Meowing echoes down the long hall; loud and insistent. Upon entering the hotel ballroom where this sound emanates, the scent of odor-eliminating cat litter assails the senses. Women in leopard-print tops that match their Bengal cats bustle around the room. Cat-ear headbands are perched atop some heads. Fancy canvas-and-mesh cat kennels pop up along rows of tables in the center of the room. That meowing, and the smell of litter, drifts out from these deluxe cat huts.
Bengals were the special breed highlight of last weekend's On Safari all-breed cat show hosted by the Seattle-area Evergreen Cat Fanciers club at the DoubleTree Hotel in downtown Spokane. Nearly 60 of the popular, rosette-spotted cats resembling miniature wildcats traveled — some from as far as the East Coast, and even Italy — to test how well they conformed to the breed's standards against fellow competitors.
In all, 31 breeds were represented at the three-day event, including championship Maine Coons, Sphynxes, Ragdolls, Norwegian Forest Cats and others.
On Friday evening, the Bengals are judged only against their fellow breed members during an event called the "Bengal Congress." In ring two, a row of wire cages behind judge Heather Roberts are filled with adult Bengals waiting for their turn.
"If you spray in there, I'm going to be mad," a young woman warns under her breath to her male Bengal as she loads him into one of the units.
Roberts brings out one of the sleek-coated cats and sets him on a raised platform in front of her. Lifting the cat up by his front armpits, she examines the body's length, quickly sliding her hand down the torso. She sets him down and picks up a feather wand toy.
"You'll see me playing with the cats, which is an easy way to get him to look at me to see his ears and face and the set of his eyes," she explains to a group of cat owners and spectators gathered around.
Most of the cats are incredibly calm during the judge's handling, and while being carried through the loud, crowded room of other cats and excited feline fans. When not being judged, most of them snooze in their fancy cat tents.
On Safari is sanctioned by The International Cat Association (TICA). Cats are judged in several categories, based on coat length (short or long hair), age (adults and kittens) and whether the cat is spayed/neutered, or unaltered. Household or non-pedigreed cats and kittens also could enter the show, and several did.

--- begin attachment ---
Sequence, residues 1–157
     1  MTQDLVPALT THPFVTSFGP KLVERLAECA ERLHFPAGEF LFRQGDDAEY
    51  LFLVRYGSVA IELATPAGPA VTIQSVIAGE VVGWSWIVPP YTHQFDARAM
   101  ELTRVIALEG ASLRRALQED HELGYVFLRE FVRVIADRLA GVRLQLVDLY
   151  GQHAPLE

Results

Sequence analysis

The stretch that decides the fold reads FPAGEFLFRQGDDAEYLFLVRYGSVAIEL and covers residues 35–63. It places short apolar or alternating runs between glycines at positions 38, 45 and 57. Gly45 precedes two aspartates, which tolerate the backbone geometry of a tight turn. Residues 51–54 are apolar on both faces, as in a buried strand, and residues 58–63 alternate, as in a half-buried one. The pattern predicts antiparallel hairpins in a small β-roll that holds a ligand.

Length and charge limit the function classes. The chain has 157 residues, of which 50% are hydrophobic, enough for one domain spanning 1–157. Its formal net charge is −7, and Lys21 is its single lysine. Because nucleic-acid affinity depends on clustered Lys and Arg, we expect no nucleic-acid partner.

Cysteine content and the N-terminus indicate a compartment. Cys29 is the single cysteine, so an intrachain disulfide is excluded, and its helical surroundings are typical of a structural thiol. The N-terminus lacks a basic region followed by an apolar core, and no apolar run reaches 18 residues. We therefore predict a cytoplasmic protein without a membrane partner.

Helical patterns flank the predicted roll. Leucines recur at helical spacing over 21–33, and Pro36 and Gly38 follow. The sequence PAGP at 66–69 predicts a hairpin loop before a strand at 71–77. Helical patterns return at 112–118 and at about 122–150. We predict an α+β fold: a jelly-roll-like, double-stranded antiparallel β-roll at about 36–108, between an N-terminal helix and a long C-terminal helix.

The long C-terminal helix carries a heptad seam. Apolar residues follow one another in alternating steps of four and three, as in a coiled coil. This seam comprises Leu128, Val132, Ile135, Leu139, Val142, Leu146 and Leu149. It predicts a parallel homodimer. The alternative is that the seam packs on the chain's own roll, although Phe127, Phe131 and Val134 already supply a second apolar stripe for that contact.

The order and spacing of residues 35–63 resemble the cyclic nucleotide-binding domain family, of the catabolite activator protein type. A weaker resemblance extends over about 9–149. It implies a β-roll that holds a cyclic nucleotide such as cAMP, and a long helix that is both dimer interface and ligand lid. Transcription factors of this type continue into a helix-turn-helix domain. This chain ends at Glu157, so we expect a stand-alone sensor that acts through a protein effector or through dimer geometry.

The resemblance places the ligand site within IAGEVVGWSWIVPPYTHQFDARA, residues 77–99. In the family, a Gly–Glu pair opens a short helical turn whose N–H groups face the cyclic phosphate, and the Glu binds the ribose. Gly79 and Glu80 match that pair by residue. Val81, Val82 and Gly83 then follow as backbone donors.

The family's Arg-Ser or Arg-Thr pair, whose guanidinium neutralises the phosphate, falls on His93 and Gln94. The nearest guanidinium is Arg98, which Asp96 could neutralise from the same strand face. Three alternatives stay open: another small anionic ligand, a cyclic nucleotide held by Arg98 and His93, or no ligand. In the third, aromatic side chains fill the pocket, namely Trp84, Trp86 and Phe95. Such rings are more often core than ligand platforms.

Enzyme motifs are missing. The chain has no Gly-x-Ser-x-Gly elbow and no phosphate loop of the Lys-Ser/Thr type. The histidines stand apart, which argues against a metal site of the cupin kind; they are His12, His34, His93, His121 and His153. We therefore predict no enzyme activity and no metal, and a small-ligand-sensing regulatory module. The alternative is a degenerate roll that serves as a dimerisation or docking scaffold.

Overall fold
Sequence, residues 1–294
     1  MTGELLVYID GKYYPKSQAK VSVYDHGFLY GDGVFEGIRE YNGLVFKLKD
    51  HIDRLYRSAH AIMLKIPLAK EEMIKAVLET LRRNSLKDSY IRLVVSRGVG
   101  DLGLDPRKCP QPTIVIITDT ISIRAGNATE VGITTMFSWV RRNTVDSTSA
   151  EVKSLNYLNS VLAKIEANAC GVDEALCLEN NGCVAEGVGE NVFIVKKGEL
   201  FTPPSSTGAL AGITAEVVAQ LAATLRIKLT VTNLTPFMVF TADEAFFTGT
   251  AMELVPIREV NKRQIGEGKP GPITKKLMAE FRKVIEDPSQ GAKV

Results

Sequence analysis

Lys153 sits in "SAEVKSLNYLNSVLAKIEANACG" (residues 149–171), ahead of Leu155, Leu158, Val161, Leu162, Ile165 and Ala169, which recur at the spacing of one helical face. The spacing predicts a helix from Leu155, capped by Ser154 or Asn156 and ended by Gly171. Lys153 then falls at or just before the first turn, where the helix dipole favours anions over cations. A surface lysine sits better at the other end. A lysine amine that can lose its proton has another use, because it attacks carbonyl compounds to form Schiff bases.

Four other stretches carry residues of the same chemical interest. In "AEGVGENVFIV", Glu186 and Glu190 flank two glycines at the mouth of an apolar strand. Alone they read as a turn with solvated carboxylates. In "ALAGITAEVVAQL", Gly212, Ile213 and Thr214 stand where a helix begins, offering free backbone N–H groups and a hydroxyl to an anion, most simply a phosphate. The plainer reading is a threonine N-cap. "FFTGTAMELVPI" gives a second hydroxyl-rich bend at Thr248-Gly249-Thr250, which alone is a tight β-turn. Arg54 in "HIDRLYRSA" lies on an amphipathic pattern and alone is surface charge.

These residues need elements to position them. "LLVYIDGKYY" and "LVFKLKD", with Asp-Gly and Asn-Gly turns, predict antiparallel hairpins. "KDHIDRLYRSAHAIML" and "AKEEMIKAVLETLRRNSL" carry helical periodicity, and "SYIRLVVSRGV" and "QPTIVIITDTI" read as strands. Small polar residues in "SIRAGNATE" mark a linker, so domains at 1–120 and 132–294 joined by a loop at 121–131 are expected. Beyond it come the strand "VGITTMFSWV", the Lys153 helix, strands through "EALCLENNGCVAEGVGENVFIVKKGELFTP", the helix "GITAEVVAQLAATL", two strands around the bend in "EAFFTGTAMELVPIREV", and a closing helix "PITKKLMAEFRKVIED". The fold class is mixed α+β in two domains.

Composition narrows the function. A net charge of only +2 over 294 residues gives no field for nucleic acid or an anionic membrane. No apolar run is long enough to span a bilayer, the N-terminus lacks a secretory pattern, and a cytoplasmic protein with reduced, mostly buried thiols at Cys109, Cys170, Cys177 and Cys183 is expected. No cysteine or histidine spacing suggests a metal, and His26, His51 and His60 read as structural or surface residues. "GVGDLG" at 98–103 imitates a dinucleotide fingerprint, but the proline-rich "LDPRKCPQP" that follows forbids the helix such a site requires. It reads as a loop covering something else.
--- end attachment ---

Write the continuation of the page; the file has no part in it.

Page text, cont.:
When Spokane resident Carlie Doepker first heard about the cat show, she knew she had to enter her 3-year-old domestic shorthair, a leash-trained rescue she found on a farm as a kitten.
"I've always loved cats since I was little, and I thought, 'What better place to hang out with my cat and other cat people?'" Doepker says as she cuddles her large buff-colored kitty, Krispy Kreme.
So far he's done well at his and his owner's first cat show, being judged with three other adult competitors in his category — shorthaired adult household pets. Though Doepker asserts Krispy is "all talk and no bite," he's a bit grumbly after Saturday morning's judging, so she decides to pull him from competition the rest of that day to give him a break.
"If he's not enjoying it and having fun, it's not worth the stress on him," Doepker says, giving the wide-eyed cat a kiss on the head.
Unlike Doepker, Stefani Dell has been going to cat shows for most of her life. When she was 6, her parents brought home a pedigreed Maine Coon which they decided to enter into competitions. The large-sized, majestically fluffy cats are a native breed to the U.S., celebrated for their color variety, sociable personalities and gentle demeanor.
Eighteen years later, Dell and her 8-month-old Maine Coon, a black-and-white female named Pearl, are at On Safari, the first show in years she hasn't had to pack up and travel to, since Dell currently lives in Spokane Valley. Most of the shows she and her mom, Jan Dell, a Maine Coon breeder from Yakima, attend each year are across the state or farther away.
Pearl is competing in the adult longhair category for the first time, having previously competed as a kitten. Most cat show exhibitors start entering pedigree cats in that division to get them used to the chaotic show setting as early as possible.
"She handles it OK," Dell says of Pearl. "She doesn't do well with strangers — sometimes she hisses, and she doesn't like other cats very much, either. She's a little princess."
Lounging inside her cat tent while Dell and her mother work as show clerks, recording the judges' scores in a comprehensive log, Pearl seems unfazed by the chaos around her — other cats yowling, the crowd's cacophonic chatter, and strange faces peering in to admire her bushy black tail and wide, golden eyes.
By the show's end, Pearl has received several "best of color" and "best of division" awards, but she doesn't make it to the finals this time. For Dell, these events aren't just about winning, though.
"I just love the cats and the people — it's just fun," she says. "It's my way to relax and have fun. Everyone has their different things, and this is mine." ♦